New way to prevent and treat chlamydia

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Researchers at the University of Waterloo have developed a new way to prevent and treat chlamydia, the most common sexually transmitted bacterial infection in the world. The new treatment differs from the traditional antibiotic treatment as it is a type of gene therapy that is delivered via nanotechnology and is showing a 65% success rate in preventing chlamydia infection on a single dose.

“As antibiotic resistance continues to develop, people may experience chlamydia infections that cannot be treated through conventional means, which is causing increasing public health challenges,” said Emmanuel Ho, a professor at Waterloos School of Pharmacy. “If left untreated or if treatment takes an extended period of time it can lead to infertility and other reproductive issues so finding new ways to treat this common infection is important.

“As the Food and Drug Administration in the US has recently approved the first siRNA-based drug for market, we’re hopeful this kind of research will be able to be widely available in the future.”

The new treatment created in Ho’s lab targets chlamydia infection by preventing the majority of bacteria from entering cells in the genital tract and destroying any bacteria that is able to penetrate a cell wall. The team was able to achieve this by using a small interfering ribonucleic acid (siRNA) to target a specific gene called PDGFR-beta in the female reproductive tract, which creates a protein that binds to chlamydia bacteria.

“By targeting PDGFR-beta we’re able to stop the creation of the protein that chlamydia will use to enter genital tract skin cells,” said Ho. “As a result, an incoming infection has fewer targets to latch onto and infection is less likely to occur.”

If chlamydia bacteria can bind to cells and enter them the nanomedicine treatment is designed to activate autophagy, a cellular process where infected skin cells are able to form a bubble around that bacteria and destroy it.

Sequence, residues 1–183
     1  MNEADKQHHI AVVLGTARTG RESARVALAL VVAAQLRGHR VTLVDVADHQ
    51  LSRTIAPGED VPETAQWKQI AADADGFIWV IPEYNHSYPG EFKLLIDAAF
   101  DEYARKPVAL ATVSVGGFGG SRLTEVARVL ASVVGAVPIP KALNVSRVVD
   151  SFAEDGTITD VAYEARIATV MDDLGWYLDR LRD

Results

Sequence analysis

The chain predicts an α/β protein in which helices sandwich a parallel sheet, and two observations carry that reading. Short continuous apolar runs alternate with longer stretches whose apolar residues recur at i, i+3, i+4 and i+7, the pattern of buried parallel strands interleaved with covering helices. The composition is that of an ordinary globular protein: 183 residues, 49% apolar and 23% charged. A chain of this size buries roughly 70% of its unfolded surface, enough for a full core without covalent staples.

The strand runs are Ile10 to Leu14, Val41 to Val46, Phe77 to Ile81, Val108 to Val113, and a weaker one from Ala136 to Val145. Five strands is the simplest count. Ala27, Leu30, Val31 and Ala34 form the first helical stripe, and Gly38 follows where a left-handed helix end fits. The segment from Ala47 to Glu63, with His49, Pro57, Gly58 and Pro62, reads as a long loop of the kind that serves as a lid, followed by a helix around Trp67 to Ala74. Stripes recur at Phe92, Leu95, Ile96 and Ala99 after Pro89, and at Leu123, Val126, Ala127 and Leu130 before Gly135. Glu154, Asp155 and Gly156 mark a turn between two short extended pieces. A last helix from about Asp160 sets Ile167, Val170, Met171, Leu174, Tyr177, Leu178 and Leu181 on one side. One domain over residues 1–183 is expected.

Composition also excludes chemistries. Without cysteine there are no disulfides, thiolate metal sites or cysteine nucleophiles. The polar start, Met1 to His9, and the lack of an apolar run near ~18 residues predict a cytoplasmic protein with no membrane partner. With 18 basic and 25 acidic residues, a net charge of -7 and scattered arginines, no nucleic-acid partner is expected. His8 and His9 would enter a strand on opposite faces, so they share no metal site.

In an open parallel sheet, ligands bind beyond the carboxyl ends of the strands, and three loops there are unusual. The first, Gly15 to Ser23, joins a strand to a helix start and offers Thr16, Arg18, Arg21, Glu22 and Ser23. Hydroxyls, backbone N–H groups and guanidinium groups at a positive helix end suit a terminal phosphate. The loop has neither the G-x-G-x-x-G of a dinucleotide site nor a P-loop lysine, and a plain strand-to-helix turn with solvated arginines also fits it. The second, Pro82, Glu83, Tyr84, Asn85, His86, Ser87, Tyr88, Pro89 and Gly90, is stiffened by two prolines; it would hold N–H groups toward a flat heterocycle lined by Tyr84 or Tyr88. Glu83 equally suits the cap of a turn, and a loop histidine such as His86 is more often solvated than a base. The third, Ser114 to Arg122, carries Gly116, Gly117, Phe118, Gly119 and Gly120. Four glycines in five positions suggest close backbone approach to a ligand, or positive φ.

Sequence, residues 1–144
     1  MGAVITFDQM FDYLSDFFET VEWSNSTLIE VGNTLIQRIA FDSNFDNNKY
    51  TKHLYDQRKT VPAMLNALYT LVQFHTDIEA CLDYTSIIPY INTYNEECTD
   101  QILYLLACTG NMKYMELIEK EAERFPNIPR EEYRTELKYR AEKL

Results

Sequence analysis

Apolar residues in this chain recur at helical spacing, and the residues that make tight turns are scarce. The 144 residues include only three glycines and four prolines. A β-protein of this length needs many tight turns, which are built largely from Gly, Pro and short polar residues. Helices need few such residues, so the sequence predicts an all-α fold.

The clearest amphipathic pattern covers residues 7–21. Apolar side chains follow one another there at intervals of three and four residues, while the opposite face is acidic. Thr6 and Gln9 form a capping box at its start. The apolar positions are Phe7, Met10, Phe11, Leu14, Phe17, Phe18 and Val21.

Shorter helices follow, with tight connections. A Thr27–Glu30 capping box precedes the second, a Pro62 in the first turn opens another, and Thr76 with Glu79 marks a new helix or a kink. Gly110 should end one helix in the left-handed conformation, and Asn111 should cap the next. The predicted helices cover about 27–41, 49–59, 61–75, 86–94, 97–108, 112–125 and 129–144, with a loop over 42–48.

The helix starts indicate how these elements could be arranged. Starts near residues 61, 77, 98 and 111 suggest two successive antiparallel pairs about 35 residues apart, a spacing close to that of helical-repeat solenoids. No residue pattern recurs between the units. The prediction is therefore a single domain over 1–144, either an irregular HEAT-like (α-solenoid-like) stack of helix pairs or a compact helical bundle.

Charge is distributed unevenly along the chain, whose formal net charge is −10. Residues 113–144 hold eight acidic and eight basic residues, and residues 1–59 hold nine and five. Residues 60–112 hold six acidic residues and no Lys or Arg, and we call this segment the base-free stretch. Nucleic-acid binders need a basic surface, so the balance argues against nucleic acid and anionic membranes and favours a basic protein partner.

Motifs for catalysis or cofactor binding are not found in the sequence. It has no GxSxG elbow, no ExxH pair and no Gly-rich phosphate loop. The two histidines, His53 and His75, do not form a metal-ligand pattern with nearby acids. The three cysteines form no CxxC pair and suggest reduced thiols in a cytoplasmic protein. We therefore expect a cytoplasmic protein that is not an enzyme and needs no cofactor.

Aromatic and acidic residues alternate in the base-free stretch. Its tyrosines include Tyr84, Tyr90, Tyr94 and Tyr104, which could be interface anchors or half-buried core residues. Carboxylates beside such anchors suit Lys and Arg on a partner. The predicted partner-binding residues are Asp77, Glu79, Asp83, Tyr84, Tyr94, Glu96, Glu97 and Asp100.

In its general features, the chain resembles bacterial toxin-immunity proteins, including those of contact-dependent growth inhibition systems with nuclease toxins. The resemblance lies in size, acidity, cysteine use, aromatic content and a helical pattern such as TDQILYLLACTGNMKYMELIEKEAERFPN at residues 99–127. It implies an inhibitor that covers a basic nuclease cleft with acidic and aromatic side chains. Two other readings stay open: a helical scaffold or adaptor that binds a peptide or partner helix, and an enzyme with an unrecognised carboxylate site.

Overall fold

On its own, siRNA cannot enter skin cells to reduce PDGFR-beta expression and prevent chlamydia binding. The new gene therapy uses a unique nanoparticle that enables siRNA to enter the cells, reduce chlamydia’s ability to bind and destroy invasive bacteria and prevent the disease from spreading.

C. trachomatis is the most common sexually transmitted bacterial infection in the world. Although the infection can be easily controlled by the use of antibiotics, several reports of clinical isolates that are resistant to antibiotics have prompted us to search for alternative strategies to manage this disease. In this paper, we developed a nanoparticle formulation (PDGFR-β siRNA-PEI-PLGA-PEG NP) that can simultaneously induce autophagy in human cells and knock down PDGFR-β gene expression, an important surface binding protein for C. trachomatis, as a strategy to reduce vaginal infection of C. trachomatis. PDGFR-β siRNA-PEI-PLGA-PEG NP significantly induced autophagy in human vaginal epithelial cells (VK2/E6E7) 48 hr post treatment by improving autophagic degradation activity without causing inflammation, apoptosis or any decrease in cell viability. Beclin-1, VPS34 (markers for initiation stage of autophagy), UVRAG, TECPR-1 (markers for degradation stage of autophagy) were found to be significantly upregulated after treatment with PDGFR-β siRNA-PEI-PLGA-PEG NP. Furthermore, PDGFR-β siRNA-PEI-PLGA-PEG NP decreased PDGFR-β mRNA expression by 50% and protein expression by 43% in VK2/E6E7 cells 48 hr post treatment. Treatment of cells with PDGFR-β siRNA-PEI-PLGA-PEG NP significantly decreased the intracellular C. trachomatis and extracellular release of C. trachomatis by approximately 65% and 67%, respectively, in vitro through augmenting autophagic degradation pathways and reducing bacterial binding simultaneously.

Sidi Yang, Yannick Traore, Celine Jimenez, Emmanuel A Ho

University of Waterloo material
Scientific Reports abstract

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